Family Emergency Evacuation Plan

Family Emergency Evacuation Plan
When traveling with children it is important to set up a family safety plan in case of an emergency situation where the family is separated. While traveling to Boston with my husband and two small children to visit my husband’s family we were staying in a nice hotel Westford Regency. My son who is ADHD is up early and I took him down to the pool to let him work off some energy, while my daughter and special daughter stayed in the room with Bill.

Evan and I were in the pool area for about 20 minutes and just about ready to head back up to the fourth floor when the fire alarm sounded. I called up to the room to be sure my husband and the girls heard the alarm and they had, so they were in the process of evacuating down from the fourth floor. My son was 6 and wearing a soaking wet pair of swim trunks and no shoes. I grabbed a towel and covered him and we stayed in the pool area which was isolated from the main hotel lobby.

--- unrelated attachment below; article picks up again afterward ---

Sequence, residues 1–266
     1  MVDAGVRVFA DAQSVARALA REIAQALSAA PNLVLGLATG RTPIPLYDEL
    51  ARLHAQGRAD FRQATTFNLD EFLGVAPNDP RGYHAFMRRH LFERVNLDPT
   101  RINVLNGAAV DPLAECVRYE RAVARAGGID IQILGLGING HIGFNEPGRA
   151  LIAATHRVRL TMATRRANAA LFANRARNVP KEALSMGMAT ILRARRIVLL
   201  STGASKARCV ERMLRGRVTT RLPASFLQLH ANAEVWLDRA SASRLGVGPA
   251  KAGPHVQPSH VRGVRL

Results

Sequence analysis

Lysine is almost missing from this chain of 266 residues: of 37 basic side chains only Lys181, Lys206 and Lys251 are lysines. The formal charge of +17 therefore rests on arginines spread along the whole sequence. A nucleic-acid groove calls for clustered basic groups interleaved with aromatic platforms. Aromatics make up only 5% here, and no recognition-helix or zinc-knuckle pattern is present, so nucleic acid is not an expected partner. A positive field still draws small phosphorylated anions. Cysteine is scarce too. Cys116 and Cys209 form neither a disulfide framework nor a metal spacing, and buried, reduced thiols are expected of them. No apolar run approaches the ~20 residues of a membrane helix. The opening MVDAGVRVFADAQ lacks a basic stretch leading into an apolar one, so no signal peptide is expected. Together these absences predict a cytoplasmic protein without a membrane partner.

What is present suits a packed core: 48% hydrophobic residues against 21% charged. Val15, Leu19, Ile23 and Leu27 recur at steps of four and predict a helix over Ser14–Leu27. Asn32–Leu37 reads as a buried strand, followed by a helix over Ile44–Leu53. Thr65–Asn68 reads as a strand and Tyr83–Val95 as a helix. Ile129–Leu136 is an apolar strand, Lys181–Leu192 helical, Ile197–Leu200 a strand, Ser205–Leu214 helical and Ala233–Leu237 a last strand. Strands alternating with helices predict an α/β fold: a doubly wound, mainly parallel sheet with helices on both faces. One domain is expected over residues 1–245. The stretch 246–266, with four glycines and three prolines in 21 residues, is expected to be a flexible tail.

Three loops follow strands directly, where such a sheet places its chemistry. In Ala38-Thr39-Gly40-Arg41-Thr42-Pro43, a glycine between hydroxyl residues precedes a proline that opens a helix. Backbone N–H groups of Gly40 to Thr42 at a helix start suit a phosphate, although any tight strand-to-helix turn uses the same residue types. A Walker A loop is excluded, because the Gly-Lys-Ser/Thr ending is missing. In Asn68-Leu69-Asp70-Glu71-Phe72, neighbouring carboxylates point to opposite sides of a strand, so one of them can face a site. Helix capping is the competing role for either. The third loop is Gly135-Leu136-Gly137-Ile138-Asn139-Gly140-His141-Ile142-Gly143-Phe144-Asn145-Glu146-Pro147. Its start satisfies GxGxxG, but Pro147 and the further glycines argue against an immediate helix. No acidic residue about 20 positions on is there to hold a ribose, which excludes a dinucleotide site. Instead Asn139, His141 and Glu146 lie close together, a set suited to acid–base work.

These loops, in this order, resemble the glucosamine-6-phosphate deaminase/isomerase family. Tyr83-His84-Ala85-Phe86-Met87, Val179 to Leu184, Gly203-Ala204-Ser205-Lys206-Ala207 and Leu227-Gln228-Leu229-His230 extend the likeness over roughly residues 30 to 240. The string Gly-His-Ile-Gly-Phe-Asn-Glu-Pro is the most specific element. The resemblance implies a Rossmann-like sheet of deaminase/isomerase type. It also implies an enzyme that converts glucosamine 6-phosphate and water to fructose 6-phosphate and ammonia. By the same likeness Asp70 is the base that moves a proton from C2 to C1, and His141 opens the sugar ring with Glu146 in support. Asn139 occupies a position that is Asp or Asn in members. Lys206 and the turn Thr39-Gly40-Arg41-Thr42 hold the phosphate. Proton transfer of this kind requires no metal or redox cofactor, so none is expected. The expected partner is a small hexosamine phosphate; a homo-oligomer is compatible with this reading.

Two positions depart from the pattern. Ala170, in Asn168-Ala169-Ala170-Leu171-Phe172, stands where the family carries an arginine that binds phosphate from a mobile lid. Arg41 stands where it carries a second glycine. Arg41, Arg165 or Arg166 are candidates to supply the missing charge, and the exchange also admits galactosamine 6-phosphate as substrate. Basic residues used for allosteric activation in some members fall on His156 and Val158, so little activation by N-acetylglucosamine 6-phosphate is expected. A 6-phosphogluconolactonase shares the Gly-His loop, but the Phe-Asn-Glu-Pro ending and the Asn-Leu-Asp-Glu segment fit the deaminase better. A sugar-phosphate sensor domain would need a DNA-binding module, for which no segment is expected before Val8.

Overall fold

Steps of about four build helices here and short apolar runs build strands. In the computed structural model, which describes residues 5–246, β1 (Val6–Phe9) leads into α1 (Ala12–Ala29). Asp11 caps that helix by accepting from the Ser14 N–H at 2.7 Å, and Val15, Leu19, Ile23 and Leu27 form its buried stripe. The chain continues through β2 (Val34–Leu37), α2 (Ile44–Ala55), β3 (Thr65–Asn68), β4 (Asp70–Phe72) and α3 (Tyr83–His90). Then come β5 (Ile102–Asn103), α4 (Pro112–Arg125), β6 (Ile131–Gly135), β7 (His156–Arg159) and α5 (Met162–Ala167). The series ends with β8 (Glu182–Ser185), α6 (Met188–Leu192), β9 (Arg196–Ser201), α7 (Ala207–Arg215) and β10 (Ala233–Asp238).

At the time there was no smoke and we were unsure what was going on but heard someone tell us it was in the kitchen area. The reality is we were separated as a family and unsure what was happening. It turns out as we were told we needed to evacuate the pool area we ran into the girls and my husband coming down the stairs near the pool and headed out the side door.

This was Boston in the middle of winter. It was FREEZING outside and none of the kids had their shoes on and my son was still wet from swimming. We were now outside and it did not look as if we would be back inside anytime soon. None of us had our jackets and we were cold.

We walked around the hotel until we found our car and we sat inside the car to keep warm which was still a feat. But what I can tell you is that this was a valuable lesson for our family. In an emergency we do not know what will happen and this allowed us to design a safety plan for the future.

First everyone agreed when we leave a hotel room for any reason we would always wear or grab our shoes. Then we agreed to always meet at the car in the future if we are required to evacuate the premises. Since our younger children would always be with a parent there was no concern that we would not find our car. The grown-ups would find it even if it required walking around a large complex.

The grown-ups agreed to always have the car keys with them whenever they leave the room, even to use the pool or get ice. That way we could stay warm or dry inside the car until the emergency passed or we drove someplace safer. By having a safety plan in place while traveling we knew our children would be safe from becoming separated or lost and placed in danger by being with someone they did not know.

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